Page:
Exeter ready to enjoy and excel

RUGBY UNION: Wasps tackle the pride of the South-west in today's Pilkington Cup quarter-finals. Tim Glover reports
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Apart from a story they had heard about Taunton cider moving out of Taunton, the good ol' boys standing around the clubhouse bar talked about nothing else but the visit of Wasps. A buzz of bravado was provided by pints of Dartmoor, a real ale with a head of Devon cream. "The player I feel sorry for is Rob Andrew," Peter Dudman, chairman of Exeter's junior section said. "He's not used to losing is he?"

While Wasps have their sights set on beating Leicester and Bath in the league, promoting the possibility of winning the championship, Exeter are in danger of relegation from the National League Three. Andrew, who took a knock against Wales last week, is unlikely to be risked in the quarter-finals of the Pilkington Cup today. The word from Wasps was that "without being patronising we should be able to handle Exeter without Rob".

Most teams in the Cup would send scouts, armed with video cameras, to report back on every move of the opposition. Andy Maunder, Exeter's scrum- half and captain, did not see much point. "We haven't formally sat down to dissect the Wasps," Maunder said. "It would be hard to start analysing a team like that. We know they're strong. We've seen them on Rugby Special. We are concentrating on our strengths and what we are going to do. We intend to make it as unpleasant as possible."

Exeter reached the last eight two years ago, chartered a train to Leicester and were beaten 76-0 by the Tigers. "It taught us a lesson," Maunder said. "The only way to approach such a game is to play your own standard of rugby. We will not make the mistake of taking them on up front but we will not be inhibited. We will move the ball as much as possible. What we want to do is show them and the crowd that we can play rugby. The supporters are bound to give us a lift. Whether or not we win we will enjoy the day. It's fantastic to get a team like Wasps down to Exeter."

The County Ground, in the parish of St Thomas, nestles at the end of Church Road, next to a cemetery and a church in which hands were once joined in prayer and are now encouraged to perform martial arts. "Welcome to the Exeter Shotokan Karate Club," says the sign in front of the stained glass windows.

There are a couple of things Wasps should know about the County Ground. It lies below the River Exe and whenever it rains (it has hardly stopped in the last month) the pitch is under water. The fifth-round match against Aspatria only went ahead after an army of volunteers spread 50 tons of sand on the ground. Another 16 tons were deposited on Thursday.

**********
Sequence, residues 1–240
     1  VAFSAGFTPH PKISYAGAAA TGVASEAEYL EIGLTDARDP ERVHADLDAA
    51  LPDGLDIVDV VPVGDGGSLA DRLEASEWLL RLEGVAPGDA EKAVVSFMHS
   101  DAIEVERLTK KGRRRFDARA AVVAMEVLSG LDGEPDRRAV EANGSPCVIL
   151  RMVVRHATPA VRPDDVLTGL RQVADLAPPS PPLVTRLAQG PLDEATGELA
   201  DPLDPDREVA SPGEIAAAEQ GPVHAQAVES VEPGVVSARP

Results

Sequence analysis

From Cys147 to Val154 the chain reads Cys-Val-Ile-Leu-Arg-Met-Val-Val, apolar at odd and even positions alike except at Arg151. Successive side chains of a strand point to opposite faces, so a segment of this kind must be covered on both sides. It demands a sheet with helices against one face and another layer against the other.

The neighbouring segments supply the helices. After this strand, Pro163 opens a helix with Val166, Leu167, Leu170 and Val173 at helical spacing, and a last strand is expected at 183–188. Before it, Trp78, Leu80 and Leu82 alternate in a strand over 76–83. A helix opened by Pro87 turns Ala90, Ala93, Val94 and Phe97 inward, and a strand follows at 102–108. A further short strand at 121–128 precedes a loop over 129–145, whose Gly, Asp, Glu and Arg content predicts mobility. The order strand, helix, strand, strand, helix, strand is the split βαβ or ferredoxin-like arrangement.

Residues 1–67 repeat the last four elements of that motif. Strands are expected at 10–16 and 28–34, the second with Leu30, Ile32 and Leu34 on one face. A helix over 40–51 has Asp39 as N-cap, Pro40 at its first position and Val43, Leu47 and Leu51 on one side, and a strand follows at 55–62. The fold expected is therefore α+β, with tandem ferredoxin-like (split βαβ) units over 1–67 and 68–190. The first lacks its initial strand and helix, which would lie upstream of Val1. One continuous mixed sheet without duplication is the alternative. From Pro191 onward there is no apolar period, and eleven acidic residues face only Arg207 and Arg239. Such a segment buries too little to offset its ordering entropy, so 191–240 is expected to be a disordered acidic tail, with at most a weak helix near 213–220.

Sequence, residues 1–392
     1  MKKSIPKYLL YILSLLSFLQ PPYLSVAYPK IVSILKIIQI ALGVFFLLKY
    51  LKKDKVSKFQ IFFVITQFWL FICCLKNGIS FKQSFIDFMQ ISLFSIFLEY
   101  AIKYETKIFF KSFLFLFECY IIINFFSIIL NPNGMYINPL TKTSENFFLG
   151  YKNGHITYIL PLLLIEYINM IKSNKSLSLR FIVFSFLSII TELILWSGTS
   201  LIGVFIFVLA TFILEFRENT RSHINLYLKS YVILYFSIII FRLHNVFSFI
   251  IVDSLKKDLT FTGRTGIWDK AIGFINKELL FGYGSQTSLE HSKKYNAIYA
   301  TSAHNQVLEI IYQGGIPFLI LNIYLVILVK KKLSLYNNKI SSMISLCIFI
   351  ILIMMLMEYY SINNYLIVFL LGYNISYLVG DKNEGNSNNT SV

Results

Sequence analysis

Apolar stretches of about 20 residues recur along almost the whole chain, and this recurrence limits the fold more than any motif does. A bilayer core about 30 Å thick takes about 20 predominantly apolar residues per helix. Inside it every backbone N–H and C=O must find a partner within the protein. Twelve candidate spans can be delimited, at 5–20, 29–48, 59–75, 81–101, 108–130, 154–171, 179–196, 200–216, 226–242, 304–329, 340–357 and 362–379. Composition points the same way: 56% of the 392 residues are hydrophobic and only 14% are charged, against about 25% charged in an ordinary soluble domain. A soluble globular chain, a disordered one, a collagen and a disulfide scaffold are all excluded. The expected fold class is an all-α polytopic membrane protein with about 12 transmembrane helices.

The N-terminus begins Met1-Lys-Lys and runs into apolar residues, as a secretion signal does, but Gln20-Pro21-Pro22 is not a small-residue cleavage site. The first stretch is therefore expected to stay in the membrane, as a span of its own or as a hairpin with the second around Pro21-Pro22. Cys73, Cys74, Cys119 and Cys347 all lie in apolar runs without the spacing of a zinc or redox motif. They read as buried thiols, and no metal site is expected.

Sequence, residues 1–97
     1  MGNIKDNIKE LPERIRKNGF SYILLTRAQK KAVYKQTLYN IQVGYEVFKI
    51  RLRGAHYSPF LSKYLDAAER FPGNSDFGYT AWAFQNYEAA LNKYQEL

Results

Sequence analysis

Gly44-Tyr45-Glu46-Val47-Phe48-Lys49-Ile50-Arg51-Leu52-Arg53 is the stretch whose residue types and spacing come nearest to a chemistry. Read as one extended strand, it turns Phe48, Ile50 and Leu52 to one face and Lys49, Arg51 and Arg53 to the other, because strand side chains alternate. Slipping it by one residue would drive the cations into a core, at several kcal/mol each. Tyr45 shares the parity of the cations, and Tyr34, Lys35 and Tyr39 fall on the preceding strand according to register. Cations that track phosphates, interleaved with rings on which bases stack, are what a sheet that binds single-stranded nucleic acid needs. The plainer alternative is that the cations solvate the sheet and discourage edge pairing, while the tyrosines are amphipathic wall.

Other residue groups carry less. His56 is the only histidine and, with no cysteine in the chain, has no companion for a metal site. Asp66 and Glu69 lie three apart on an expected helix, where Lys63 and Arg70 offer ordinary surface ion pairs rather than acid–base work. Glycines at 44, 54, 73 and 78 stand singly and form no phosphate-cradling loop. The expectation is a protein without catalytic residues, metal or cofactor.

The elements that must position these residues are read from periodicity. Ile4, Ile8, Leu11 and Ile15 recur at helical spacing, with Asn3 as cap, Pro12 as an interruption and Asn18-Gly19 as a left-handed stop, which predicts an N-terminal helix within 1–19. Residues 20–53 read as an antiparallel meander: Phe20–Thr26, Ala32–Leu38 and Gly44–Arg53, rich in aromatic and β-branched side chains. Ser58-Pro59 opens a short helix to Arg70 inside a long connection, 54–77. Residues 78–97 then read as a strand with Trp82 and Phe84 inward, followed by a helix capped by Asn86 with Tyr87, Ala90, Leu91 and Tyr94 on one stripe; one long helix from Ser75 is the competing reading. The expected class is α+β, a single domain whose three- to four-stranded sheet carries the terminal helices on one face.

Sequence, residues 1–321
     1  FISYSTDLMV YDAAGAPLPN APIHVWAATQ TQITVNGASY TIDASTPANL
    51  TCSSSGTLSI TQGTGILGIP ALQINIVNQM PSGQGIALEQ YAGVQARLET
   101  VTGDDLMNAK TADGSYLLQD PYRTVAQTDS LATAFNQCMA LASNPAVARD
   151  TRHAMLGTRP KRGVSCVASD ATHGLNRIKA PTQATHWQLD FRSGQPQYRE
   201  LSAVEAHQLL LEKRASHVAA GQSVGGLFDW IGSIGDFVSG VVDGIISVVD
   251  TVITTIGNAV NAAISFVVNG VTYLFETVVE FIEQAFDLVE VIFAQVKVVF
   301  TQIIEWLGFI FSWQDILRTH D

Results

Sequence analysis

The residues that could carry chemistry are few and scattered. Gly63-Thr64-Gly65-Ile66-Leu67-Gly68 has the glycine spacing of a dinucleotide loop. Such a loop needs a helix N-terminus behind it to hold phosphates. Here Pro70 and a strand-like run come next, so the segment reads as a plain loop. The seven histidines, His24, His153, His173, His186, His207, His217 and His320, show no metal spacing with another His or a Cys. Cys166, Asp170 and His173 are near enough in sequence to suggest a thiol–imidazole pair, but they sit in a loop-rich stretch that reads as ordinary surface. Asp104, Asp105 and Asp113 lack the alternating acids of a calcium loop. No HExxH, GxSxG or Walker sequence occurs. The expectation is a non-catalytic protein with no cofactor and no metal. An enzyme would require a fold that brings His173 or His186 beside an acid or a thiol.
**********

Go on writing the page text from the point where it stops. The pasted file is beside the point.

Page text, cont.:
Exeter were unable to train there on Tuesday and instead enjoyed the excellent facilities, including an Astroturf surface, at the Royal Marine base at Lympstone. Apart from the prospect of having sand kicked in their faces, Wasps will not fail to be overawed by the height of the goal-posts. Each post, measuring 60ft, consists of two motorway lamp standards. Roy Pike, a former player, got them from the electricity board.

"Keep off the greyhound track in the in-touch areas," players are warned as they leave the changing rooms. There is another sign: "Our aims are simple - success, enjoyment and promotion." Exeter (nickname Exe) have never escaped from the Third Division although this season they are in grave danger of slipping into the Fourth. They would place survival even above beating Wasps.

They may be bottom of the table but they are still the strongest club in Devon and Cornwall. "We need to galvanise ourselves and secure our place amongst the rugby hierarchy," John Baxter, the chairman, said. "We cannot allow the South-west peninsular to become barren of top-class rugby. Our biggest handicap is our isolation. There is no club of similar status within 80 miles."

Exeter, inspired by a lecture given last year by Tony Russ, Leicester's director of coaching, established a fresh structure with managers, fitness advisers, coaches and physios working in tandem. The athletics coach Maria Boxall has been joined by the former club captain David Hartland, a paramedic with the Air Ambulance. If Exeter find it difficult, compared to, say, Wasps, to recruit top players they will attempt to feed off home produce. Chalky White, formerly with England, is responsible for developing a squad of 17 to 21-year-olds.

Back in the bar, Dudman was saying: "I bet you that Nigel Popplewell doesn't turn up here. He wouldn't know where the place was." The Exeter front row has a pig farmer at loose head and a publican at tight head. Dudman and the boys on the Dartmoor best are surrounded by memories of Exeter's rich history: Haydn Mainwaring, a naval man who appeared for Swansea and Wales, used to play for the Exe as did John Scott and Peter Winterbottom. But the best of the lot was Dick Manley who helped the club beat a nigh-on invincible Newport in 1950 and 13 years later was a member of an excellent England side.

There is one other thing that Wasps should know about the County Ground. The graveyard is not completely dead. When Aspatria left Exeter, one of their party, the team mascot, missed the bus and has been living among the tombstones for the past month. He is a cockerel and a show bird to boot. Wasps are not the only team with wings.